Imploding economic prospects. One significant consequence of the delays in confirming a new PM is that Haiti has been functioning without a ratified national budget. Not only does this confirm Haiti’s poor governance, but it also drastically affects the country’s short-term prospects. An IMF loan agreement signed earlier this year was initially suspended pending the Céant-Lapin transition, but then expired at the end of May due to the absence of a ratified budget. This is also delaying other pending funding streams from the World Bank and the European Union. Haiti’s budgetary gaps have meant that varying layers of public sector employees have not been paid. The end of Venezuela’s discounted oil program, PetroCaribe, and the disintegration of the Maduro regime, has caused fuel shortages exacerbated by payment disputes with international suppliers over debts. Despite these dismal economic prospects, the March summit between United States President Donald Trump and Caribbean leaders (including Moïse) and with Capitol Hill paying more attention to Haiti’s predicaments, potentially lead to more promising developments. The Overseas Private Investment Corporation’s May visit to Haiti was a direct outcome of the gathering, though it has limited immediate impact. Haiti might also potentially benefit from Washington’s overdue awareness to compete with China’s geopolitical ambitions in the Caribbean–although neighboring Dominican Republic switched over to Beijing last year, for now, Haiti remains in Taiwan’s orbit as they are a willing financial source for the Haitian government. There are also vague signals of possible private investments from the Middle East Gulf states, but concrete outcomes have yet to emerge. Nonetheless, none of this really adds up to a coherent and robust base for investments and job creation.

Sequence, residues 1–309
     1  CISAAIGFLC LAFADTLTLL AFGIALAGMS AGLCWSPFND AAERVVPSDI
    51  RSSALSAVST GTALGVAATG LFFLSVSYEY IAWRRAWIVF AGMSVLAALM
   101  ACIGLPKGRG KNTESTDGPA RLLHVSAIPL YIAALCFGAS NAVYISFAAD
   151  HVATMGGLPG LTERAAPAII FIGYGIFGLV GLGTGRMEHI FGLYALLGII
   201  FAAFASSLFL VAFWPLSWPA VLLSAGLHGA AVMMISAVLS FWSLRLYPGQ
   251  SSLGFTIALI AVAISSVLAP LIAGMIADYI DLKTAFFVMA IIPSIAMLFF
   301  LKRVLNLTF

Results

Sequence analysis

Boiling public temper. The political and economic dysfunction has also had dire consequences in the streets of Haiti. The country has had a rolling series of public demonstrations for the past twelve months, including three violent explosions that partially shut down the country, reinforcing the public’s perception of governmental ineffectiveness. Nationally, violence is up, with 22 recorded killings of policemen so far in 2019. An underlying theme of public sector corruption permeates much of this, with the massive embezzlement of PetroCaribe funding only the most visible expression of the problem. The scale of the issue has created its own civil society dynamic, most notably the “petrochallengers,”a loosely coordinated politicized group that pushes for greater accountability and transparency within the public sector. A report from the Cour Supérieure des Comptes (roughly equivalent to our Government Accountability Office [GAO] but with more autonomous legal authority) was issued on May 31, 2019, and further expands on earlier reporting accusing PetroCaribe and a large swath of Haiti’s government machinery of embezzlement. This is not good news for Moïse; it highlights his own entanglement with the notoriously corrupt program as well as those of Lapin’s proposed cabinet members and Céant and Lafontant’s cabinet members as well.